METHODS: The hypospadias model was created in 40 male mongrel dogs that were randomly allocated into group 1 and group 2 with 20 dogs in each, and 4 subgroups (1a and 1b; 2a and 2b) with 10 dogs in each. The urethral plate width was reduced to 10 mm and 6 mm in group 1 and group 2, respectively. The urethral plate (UP) was tattooed and bisected by midline longitudinal incision. The length of UP and urethral incision (UI) was 2 cm in subgroups 1a and 2a and 4 cm in subgroups 1b and 2b. Tubularization of UP was done over an 8 Fr feeding tube. After 4 weeks, the phallus was harvested and transverse sections were obtained from the area of UI. They were stained by hematoxylin and eosin (H&E), Masson's trichrome, and fibronectin stains and pathologically examined.

RESULTS: Four cases of proximal urethral fistulae were reported in group 2 (1 in subgroup 2a; 3 in subgroup 2b). Gross inspection exhibited intervening tissues at the site of UI. The size of the intervening tissues between the healing edges of the UI was 0.8 mm (SD = 0.1) in group 1 and 2.5 mm (SD = 0.2) in group 2. Light microscopy revealed creeping of normal-appearing squamous surface epithelium in all specimens. Increased collagen fiber deposition was recorded in group 2 when compared with group 1. Fibronectin was expressed in the subepithelial locations of the urethra in all studied animals. However, dense signals were reported in group 2 in comparison to group 1.

CONCLUSIONS: Healing after TIP occurs by secondary intention with creeping of the surface epithelium. Collagen deposition was increased in cases of UP ≤ 6 mm in width. Post-TIP complications may increase in cases of narrow UP, especially with the neourethra and UI > 2 cm in length.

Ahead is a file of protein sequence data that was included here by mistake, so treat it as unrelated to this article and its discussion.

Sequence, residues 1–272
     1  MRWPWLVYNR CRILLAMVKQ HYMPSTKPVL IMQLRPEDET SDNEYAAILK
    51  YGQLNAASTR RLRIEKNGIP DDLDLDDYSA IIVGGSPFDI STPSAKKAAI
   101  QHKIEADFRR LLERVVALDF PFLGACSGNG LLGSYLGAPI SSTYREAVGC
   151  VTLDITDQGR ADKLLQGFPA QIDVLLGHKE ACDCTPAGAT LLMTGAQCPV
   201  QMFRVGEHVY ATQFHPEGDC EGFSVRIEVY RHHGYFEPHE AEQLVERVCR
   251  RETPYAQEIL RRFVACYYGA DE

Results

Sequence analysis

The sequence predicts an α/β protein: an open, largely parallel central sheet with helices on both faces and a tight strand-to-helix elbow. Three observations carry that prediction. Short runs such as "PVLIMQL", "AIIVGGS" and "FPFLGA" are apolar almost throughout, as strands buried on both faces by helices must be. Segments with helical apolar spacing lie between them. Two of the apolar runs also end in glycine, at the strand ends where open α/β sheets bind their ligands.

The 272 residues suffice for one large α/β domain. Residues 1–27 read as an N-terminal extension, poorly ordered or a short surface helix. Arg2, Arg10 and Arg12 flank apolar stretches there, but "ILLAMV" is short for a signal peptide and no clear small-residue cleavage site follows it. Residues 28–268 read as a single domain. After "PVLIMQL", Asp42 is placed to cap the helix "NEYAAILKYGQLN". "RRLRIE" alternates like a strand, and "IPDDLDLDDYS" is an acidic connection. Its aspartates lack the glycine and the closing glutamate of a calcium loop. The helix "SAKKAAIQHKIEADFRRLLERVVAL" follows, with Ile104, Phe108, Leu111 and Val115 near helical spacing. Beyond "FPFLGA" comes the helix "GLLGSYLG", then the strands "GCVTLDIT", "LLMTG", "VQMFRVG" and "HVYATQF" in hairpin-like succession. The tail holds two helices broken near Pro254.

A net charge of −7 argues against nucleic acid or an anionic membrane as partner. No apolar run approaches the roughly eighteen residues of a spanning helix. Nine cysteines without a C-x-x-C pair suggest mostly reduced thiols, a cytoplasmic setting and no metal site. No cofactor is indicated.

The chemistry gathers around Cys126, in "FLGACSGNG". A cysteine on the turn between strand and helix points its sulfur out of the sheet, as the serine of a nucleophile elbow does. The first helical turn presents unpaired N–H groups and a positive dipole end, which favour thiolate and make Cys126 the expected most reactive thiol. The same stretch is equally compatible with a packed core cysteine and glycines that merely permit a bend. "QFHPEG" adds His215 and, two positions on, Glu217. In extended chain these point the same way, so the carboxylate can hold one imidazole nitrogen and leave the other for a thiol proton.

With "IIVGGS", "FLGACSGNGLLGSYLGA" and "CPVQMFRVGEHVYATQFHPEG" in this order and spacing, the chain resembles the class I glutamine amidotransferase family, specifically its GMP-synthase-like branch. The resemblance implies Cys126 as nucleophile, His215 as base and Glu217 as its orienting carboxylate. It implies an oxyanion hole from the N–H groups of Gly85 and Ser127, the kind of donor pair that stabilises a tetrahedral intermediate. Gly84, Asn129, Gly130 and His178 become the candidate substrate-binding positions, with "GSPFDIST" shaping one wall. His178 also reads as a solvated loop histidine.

KEYWORDS: Urethra; Hypospadias; Dog; Healing.

CORRESPONDENCE: Dr. Hisham Hammouda, Director of the Pediatric Urology Unit, Urology Department, Faculty of Medicine, Assiut University Hospital, 71111, Assiut, Egypt ().

CITATION: UroToday Int J. 2009 Oct;2(5). doi:10.3834/uij.1944-5784.2009.10.07



Modified N-Shaped Ileal Neobladder After Radical Cystectomy


INTRODUCTION: The authors report on the feasibility and outcomes of the N-shaped pouch with an afferent tubular isoperistaltic segment as a new technique for creating a capacious, low pressure bladder substitute following radical cystectomy.

METHODS: Between April 2000 and April 2006, 42 patients (36 male, 6 female) with invasive bladder cancer were considered good candidates for orthotopic urinary diversion. All had radical cystectomy with bilateral pelvic lymphadenectomy and orthotopic bladder substitution by an ileal low pressure reservoir (N-shaped) with an afferent isoperistaltic tubular segment. Of the 42 patients, 36 (86%) had squamous cell carcinoma; 6 had transitional cell carcinoma. None of the patients had positive lymph nodes after pathologic examination of the specimen. Thirty-two males and 4 females were available for a median follow-up period of 24.8 months. Follow-up included clinical and radiographic studies to determine functional and oncological outcomes.

RESULTS: : Eleven patients (25%) had early complications during the period ≤ 3 months following surgery. Seven of these patients had complications such as wound infection, prolonged ileus, persistent urinary leakage, and deep venous thrombosis that were treated conservatively. One female patient developed a pouch-vaginal fistula that required repair. The remaining 3 patients had oncological failures, 1 of which was isolated urethral recurrence. Late complications occurred in 15 patients (37.5%). These included pouch stones, outflow obstruction, mucus retention, and adhesive bowel obstruction. Daytime and nighttime continence was achieved in 92% and 80% of the patients, respectively, and ureteroileal stricture was observed in 5%. The upper tracts remained unchanged or improved in 95% of the patients.

CONCLUSIONS: Ileal orthotopic bladder substitution (N- shaped) with an afferent ileal tubular segment offers good functional results with good preservation of the renal units. It is considered a safe and technically feasible surgical procedure.

KEYWORDS: N-pouch; Cystectomy; Orthotopic diversion

CORRESPONDENCE: Wael M Gamal, MD, Department of Urology, Sohag University, 31 el nasr Street, Sohag, Egypt ().